# 16 Try it three times and move on

That’s my rule. If I try something three times in different ways and it’s still not working, I move on. It’s important that your brain doesn’t get “stuck” but that you have time to come back to it at a later date.

 

Example 30-minute routine:

  • 5 minutes – stretch, move, get head in the right frame of mind, use siren sounds, lip trills etc to get the breathing and flexibility going.
  • 10 minutes – moving from gentle exercising into moderate exercising that deals with specific areas in the voice.
  • 10 minutes – song work – one song only. Begin with areas that need work if you have sung it before and avoid singing it over and over again.
  • Use the 80/20 rule using sounds in the songs like lip trills, hums, consonant and vowel combinations to find where the voice needs to adjust. Then take a two-minute breather.
  • The last 5 minutes – sing through as if it doesn’t matter. Just perform it and you will soon see where work needs to be done another time.

Please leave me your comments and what your favourite practise tips are!


How to win at singing auditions

How to win at singing auditions


Well it’s that time again! X-factor, The Voice… talent shows galore, not to mention the rounds of theatre and music school auditions that have just taken place.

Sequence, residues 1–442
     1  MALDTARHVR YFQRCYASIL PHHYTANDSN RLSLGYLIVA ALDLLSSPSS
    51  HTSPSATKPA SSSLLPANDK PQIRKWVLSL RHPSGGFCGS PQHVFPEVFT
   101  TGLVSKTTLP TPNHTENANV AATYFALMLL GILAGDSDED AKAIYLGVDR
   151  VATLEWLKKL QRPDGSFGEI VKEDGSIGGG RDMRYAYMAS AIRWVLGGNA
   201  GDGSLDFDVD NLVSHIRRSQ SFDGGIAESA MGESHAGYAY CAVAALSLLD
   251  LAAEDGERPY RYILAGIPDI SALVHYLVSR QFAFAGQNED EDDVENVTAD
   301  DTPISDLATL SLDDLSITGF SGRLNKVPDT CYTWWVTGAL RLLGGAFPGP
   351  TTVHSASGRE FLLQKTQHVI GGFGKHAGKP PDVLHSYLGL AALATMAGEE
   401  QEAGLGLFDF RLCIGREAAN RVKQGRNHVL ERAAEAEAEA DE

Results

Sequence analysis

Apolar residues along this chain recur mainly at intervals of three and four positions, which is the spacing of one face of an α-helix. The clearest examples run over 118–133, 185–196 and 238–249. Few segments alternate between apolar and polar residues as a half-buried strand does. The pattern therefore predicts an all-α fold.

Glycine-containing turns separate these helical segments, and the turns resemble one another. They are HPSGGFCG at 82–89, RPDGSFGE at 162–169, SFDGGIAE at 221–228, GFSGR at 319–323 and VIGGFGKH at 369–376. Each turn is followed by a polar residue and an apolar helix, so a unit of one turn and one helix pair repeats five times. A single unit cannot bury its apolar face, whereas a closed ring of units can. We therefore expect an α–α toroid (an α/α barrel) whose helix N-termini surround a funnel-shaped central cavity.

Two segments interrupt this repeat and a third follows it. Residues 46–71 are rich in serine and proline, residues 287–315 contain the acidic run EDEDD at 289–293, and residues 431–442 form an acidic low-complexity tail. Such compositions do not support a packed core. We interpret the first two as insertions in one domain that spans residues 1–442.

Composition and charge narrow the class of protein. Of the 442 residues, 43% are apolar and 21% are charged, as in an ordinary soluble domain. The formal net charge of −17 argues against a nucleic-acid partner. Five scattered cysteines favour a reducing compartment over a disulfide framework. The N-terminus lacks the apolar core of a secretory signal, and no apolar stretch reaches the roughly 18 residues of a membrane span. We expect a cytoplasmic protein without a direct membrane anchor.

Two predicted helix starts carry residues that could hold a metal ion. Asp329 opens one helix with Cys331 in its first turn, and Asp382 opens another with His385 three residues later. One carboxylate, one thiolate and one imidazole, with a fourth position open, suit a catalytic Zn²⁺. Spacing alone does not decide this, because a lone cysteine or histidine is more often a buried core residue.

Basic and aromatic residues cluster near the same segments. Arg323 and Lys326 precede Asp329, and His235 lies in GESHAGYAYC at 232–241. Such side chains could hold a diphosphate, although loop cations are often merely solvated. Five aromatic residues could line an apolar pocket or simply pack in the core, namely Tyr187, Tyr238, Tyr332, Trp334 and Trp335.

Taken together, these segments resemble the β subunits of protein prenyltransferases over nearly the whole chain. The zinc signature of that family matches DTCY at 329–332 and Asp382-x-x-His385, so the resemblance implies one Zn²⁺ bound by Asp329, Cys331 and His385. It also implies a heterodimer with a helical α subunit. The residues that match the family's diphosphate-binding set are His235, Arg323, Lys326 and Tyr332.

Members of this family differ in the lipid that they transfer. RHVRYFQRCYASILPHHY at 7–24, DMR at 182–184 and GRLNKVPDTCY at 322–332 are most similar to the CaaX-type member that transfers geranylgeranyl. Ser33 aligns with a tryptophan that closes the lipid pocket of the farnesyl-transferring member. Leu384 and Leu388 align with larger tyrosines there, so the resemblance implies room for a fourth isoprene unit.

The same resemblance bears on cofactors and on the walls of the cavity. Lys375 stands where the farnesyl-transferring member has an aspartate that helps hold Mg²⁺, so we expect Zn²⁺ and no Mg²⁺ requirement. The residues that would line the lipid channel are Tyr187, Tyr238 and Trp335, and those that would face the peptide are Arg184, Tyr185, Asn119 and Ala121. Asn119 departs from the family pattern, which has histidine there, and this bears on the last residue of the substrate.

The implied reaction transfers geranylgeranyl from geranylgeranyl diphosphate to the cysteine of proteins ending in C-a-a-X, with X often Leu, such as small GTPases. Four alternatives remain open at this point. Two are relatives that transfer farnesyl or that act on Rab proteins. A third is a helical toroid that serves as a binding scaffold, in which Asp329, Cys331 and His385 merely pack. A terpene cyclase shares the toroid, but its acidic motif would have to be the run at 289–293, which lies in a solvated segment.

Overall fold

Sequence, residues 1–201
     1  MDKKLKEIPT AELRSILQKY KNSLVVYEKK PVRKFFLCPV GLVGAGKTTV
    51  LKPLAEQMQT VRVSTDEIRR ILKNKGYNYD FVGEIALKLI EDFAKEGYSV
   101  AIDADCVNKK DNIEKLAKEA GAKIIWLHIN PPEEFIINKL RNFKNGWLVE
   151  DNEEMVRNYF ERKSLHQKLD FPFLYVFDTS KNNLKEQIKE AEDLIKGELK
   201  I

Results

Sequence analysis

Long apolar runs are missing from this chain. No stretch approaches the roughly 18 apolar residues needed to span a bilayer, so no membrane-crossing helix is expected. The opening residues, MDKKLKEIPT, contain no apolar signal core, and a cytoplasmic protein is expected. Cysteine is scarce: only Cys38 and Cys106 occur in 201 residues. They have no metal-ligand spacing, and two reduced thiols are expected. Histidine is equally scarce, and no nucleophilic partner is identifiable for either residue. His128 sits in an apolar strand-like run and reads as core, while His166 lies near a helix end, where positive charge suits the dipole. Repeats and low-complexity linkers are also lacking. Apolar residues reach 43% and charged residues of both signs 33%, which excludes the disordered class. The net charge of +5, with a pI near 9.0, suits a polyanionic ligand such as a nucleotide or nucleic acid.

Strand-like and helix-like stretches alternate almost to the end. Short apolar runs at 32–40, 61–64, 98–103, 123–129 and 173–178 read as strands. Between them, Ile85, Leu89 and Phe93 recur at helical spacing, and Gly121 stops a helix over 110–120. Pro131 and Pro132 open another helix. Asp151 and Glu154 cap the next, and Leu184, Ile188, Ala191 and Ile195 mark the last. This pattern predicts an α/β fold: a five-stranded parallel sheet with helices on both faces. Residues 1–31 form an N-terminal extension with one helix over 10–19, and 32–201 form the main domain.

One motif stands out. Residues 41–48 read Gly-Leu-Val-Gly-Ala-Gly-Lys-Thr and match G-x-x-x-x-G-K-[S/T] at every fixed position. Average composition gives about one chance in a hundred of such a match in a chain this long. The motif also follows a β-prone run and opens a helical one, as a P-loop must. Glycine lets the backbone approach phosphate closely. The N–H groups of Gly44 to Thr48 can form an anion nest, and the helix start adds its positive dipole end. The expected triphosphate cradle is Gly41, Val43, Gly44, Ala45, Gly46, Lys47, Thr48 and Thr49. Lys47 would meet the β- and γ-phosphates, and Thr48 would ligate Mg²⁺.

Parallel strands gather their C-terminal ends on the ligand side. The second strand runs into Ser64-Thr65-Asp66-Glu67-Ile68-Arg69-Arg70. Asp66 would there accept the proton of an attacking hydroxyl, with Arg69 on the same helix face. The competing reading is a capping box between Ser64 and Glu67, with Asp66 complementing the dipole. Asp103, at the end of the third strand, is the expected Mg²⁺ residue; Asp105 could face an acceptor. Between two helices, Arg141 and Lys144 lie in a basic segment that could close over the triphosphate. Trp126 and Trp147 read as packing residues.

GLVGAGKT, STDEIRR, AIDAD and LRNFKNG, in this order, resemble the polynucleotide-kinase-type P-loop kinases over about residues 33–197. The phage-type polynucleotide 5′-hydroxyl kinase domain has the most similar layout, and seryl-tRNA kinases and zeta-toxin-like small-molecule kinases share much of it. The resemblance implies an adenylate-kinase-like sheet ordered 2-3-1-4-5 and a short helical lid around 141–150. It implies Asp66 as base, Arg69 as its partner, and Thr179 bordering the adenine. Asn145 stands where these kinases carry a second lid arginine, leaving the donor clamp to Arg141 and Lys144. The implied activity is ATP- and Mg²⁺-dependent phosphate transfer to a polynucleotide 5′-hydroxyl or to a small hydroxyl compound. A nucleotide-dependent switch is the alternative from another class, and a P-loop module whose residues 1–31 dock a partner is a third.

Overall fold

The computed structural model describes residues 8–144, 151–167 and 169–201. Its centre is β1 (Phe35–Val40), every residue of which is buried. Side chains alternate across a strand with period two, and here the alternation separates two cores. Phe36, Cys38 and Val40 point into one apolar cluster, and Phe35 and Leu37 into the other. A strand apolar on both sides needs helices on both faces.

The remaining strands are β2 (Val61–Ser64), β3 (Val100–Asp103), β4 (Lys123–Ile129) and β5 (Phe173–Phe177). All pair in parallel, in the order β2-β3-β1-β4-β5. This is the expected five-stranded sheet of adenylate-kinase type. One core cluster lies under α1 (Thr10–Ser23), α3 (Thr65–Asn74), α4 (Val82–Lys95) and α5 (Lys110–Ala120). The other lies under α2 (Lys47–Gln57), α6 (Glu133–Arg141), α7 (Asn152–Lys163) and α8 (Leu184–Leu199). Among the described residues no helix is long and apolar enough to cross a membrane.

Did you do any?
How did you get on?

Well, if you didn’t do so great, I have some very good news for you. You can improve – and sometimes very quickly – if you know the game you are about to play and stay focused on what needs to be done at each round of an audition process.

Just in case you are wondering if I failed any auditions (answer: yes) and how I coped with the disappointment and rejection (to be honest, not well at times…), I have most assuredly bought the t-shirt on failed auditions.

In fact I won a book for the most embarrassing audition story in a competition run by some teachers I know!

I have made all the mistakes so you don’t have to (if you listen up and get wise to the process). I have walked singers through the preparation required to get through auditions and had some stellar results. My singers have won major UK competitions, entered theatre schools and won scholarships as well as got through rounds of the TV competitions with only a few lessons.